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  1. England are definitely among the favourites to win the World Cup this time around. The knockout rounds are always tricky, but anything less than semi finals will be a disappointment for this side.

    Also, https://www.bbc.co.uk/sport/cricket/48030050. Would you pick any batsmen that aren’t in the current team? Only one I picked was KP.

    Here’s what I picked: https://ranked-list-images.files.bbci.co.uk/PickYourAll-TimeEnglandODIXI-b3f13c55454019eabc47687913869ac8.html

    The team has serious firepower all the way down to 9, and 4-9 can pretty much come in to bat in whatever order you want. You could toss a coin every time a wicket fell.

    Plunkett over Anderson because left arm, but you could as easily have Anderson in instead. Gough because he’s ace 🙂

    1. Think you’re asking a lot of Plunkett to change handedness to improve your side.

  2. I agree with all that.

    But, referring back to your headline, why can’t I think likewise AND be living in the past?

    That’s what I want to do.

    And I really don’t see why you should try to stop me from living in the past, just because I think likewise.

    1. Thanks, KC. In which case I offer you the quintessential living in the past ODI (indeed World Cup) scorecard from 7 June 1975


      For those who cannot be bothered to click through – England 334/4 – a creditable achievement in those days, albeit with 60 overs to play with rather than the modern 50 over game.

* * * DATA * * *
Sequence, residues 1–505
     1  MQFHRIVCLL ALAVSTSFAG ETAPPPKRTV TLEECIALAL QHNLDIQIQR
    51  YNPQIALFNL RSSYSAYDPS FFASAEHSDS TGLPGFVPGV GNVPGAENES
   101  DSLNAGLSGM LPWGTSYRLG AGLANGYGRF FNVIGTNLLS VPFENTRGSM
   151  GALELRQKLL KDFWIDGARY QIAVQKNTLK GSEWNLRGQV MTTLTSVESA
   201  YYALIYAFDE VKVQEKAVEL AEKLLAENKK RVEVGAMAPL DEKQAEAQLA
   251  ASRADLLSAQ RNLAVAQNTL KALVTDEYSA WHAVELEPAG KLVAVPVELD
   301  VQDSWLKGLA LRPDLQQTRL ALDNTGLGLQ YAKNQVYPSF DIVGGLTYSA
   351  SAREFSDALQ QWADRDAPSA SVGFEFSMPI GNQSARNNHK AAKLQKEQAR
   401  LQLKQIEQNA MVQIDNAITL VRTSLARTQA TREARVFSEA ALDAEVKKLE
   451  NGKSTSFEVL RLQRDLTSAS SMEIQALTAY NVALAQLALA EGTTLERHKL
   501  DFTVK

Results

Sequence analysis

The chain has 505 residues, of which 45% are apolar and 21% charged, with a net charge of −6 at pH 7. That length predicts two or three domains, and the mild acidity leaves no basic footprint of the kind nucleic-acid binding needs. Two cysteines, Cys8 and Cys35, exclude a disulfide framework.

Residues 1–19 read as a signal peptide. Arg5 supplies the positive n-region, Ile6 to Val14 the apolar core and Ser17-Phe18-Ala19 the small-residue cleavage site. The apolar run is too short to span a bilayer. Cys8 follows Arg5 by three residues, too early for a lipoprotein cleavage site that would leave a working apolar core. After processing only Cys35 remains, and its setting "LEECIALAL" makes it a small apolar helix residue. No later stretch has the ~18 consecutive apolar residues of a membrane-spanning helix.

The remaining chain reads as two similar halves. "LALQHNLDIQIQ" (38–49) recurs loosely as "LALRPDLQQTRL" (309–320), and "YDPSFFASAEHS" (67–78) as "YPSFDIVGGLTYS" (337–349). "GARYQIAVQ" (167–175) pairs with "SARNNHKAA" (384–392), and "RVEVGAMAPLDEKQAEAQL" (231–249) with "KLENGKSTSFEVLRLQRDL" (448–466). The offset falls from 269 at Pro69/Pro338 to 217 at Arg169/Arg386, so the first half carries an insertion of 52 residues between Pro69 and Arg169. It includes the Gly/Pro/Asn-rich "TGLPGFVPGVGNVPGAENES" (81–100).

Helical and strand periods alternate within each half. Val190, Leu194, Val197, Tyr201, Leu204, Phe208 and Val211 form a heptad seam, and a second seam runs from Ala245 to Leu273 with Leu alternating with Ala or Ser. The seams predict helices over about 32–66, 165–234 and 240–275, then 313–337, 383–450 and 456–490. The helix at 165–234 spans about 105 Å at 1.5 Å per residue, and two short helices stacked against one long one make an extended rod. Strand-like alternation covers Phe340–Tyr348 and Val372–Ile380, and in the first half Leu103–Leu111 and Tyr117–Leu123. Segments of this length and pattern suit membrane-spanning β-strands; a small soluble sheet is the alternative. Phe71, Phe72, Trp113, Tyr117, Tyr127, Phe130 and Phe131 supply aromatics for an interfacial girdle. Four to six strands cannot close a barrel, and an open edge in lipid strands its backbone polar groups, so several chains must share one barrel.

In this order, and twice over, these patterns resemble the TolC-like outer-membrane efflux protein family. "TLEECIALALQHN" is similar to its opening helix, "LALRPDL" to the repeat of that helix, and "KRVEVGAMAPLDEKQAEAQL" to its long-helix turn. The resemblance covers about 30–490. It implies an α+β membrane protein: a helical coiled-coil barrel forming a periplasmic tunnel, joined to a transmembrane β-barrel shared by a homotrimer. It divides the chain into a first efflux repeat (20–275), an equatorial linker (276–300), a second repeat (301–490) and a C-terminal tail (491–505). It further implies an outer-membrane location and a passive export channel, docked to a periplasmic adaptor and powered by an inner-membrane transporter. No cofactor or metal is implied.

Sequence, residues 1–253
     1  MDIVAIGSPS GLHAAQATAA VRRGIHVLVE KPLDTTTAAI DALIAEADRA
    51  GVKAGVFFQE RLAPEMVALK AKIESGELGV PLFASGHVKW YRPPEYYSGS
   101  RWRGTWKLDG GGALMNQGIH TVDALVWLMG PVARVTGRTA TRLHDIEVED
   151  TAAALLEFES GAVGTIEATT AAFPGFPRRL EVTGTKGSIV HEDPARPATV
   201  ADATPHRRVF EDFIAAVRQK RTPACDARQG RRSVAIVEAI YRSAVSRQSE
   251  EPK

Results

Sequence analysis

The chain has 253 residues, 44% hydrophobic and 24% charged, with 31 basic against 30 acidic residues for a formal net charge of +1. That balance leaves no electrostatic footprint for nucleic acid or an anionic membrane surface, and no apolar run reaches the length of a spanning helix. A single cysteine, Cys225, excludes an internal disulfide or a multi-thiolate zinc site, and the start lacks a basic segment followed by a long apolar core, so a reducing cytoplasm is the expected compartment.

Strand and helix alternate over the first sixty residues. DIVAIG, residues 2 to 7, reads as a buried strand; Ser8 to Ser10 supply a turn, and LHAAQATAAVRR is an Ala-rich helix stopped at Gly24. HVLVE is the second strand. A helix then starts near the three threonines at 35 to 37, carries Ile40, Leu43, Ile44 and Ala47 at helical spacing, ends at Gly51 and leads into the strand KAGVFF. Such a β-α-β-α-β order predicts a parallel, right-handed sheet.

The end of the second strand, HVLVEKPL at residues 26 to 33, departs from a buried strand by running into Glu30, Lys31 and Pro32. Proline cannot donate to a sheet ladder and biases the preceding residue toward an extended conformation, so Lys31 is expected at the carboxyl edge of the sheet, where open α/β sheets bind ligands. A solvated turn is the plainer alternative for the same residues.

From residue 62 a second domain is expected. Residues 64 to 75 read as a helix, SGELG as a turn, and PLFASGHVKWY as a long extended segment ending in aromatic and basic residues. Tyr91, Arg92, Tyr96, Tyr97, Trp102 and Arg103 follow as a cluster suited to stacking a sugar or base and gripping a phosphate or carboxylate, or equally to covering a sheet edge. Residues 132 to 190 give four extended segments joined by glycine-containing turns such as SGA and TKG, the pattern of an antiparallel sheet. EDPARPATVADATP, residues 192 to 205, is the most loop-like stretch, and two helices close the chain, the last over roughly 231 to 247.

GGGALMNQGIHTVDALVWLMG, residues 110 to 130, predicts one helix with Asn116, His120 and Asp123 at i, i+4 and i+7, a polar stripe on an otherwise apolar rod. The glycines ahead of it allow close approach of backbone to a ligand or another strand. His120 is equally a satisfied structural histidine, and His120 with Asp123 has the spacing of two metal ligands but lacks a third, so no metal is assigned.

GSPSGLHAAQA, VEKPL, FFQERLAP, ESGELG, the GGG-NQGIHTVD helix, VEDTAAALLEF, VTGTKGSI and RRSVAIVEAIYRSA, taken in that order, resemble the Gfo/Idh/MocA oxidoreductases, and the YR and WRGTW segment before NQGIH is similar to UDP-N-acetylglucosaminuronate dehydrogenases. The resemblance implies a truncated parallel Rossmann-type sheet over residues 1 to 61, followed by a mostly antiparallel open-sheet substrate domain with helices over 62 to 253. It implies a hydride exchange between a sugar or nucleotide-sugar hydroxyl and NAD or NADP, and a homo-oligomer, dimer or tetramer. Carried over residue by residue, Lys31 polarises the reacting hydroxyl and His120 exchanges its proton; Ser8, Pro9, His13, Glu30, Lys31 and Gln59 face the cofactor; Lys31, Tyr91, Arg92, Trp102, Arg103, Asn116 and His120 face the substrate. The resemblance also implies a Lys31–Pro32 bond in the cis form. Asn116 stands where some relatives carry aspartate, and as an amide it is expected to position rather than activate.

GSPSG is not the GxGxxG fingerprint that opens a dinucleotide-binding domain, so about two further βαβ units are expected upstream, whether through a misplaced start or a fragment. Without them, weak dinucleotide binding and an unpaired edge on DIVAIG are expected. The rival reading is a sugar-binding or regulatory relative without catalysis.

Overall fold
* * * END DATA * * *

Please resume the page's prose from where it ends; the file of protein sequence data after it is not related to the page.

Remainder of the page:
India, in reply, 132/3 in 60 overs. You will need to click through to examine England’s wonderful bowling figures, but the key stat from that innings is that of Sunil Gavaskar who carried his bat: 36 runs in 174 balls, 1 four, no sixes.

      Sunil Gavaskar.

  3. I like sixes as much as the next man. But give me 120 all out plays 121-8 any day over these run-fests.

    Where does it go from here? What is the maximum team score? Will we eventually see a re-balancing to bowler-friendly conditions? One ball, smaller bats, greener pitches and bigger boundaries?

    1. We’d argue that the whole point of cricket is that you might get either.

      1. Yes. But I would argue we’re seeing more big scores, because pitches are flatter and bats are bigger etc, as it suits the money men.

      2. Are you playing devil’s advocate here, we can’t tell?

        You’re probably right that there are more big scores, if only because the range of scores has significantly extended in that direction. But England struggled to chase 199 against Ireland and set the Windies 114 to win in the match before that.

        In Sri Lanka, two of the three first innings that lasted 50 overs were under 300.

        To a certain degree, we just remember the big scores because they’re the ones that (still) generate all the media noise. Yes, England scored 481-6 against Australia last summer, but the other first innings scores in that series were 214, 342-8, 310-8 and 205. That seems a pretty even spread to us.